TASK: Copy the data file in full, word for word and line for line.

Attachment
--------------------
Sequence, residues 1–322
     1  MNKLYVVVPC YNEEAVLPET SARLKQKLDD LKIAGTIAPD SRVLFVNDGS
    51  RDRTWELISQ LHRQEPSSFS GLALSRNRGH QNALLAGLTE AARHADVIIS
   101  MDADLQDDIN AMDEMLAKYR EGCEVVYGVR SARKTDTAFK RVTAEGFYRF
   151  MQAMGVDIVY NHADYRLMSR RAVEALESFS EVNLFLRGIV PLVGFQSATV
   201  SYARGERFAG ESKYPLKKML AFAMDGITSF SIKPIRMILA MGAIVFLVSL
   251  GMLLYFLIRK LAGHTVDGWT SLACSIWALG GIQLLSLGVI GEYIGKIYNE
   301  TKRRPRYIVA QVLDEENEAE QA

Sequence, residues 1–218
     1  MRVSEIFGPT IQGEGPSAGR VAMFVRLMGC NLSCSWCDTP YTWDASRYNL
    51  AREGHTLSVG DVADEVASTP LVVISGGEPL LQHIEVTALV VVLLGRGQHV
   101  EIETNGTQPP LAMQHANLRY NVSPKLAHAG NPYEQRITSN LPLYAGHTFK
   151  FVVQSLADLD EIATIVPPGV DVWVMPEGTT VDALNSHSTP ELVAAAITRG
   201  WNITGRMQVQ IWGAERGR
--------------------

Sequence, residues 1–322
     1  MNKLYVVVPC YNEEAVLPET SARLKQKLDD LKIAGTIAPD SRVLFVNDGS
    51  RDRTWELISQ LHRQEPSSFS GLALSRNRGH QNALLAGLTE AARHADVIIS
   101  MDADLQDDIN AMDEMLAKYR EGCEVVYGVR SARKTDTAFK RVTAEGFYRF
   151  MQAMGVDIVY NHADYRLMSR RAVEALESFS EVNLFLRGIV PLVGFQSATV
   201  SYARGERFAG ESKYPLKKML AFAMDGITSF SIKPIRMILA MGAIVFLVSL
   251  GMLLYFLIRK LAGHTVDGWT SLACSIWALG GIQLLSLGVI GEYIGKIYNE
   301  TKRRPRYIVA QVLDEENEAE QA

Sequence, residues 1–218
     1  MRVSEIFGPT IQGEGPSAGR VAMFVRLMGC NLSCSWCDTP YTWDASRYNL
    51  AREGHTLSVG DVADEVASTP LVVISGGEPL LQHIEVTALV VVLLGRGQHV
   101  EIETNGTQPP LAMQHANLRY NVSPKLAHAG NPYEQRITSN LPLYAGHTFK
   151  FVVQSLADLD EIATIVPPGV DVWVMPEGTT VDALNSHSTP ELVAAAITRG
   201  WNITGRMQVQ IWGAERGR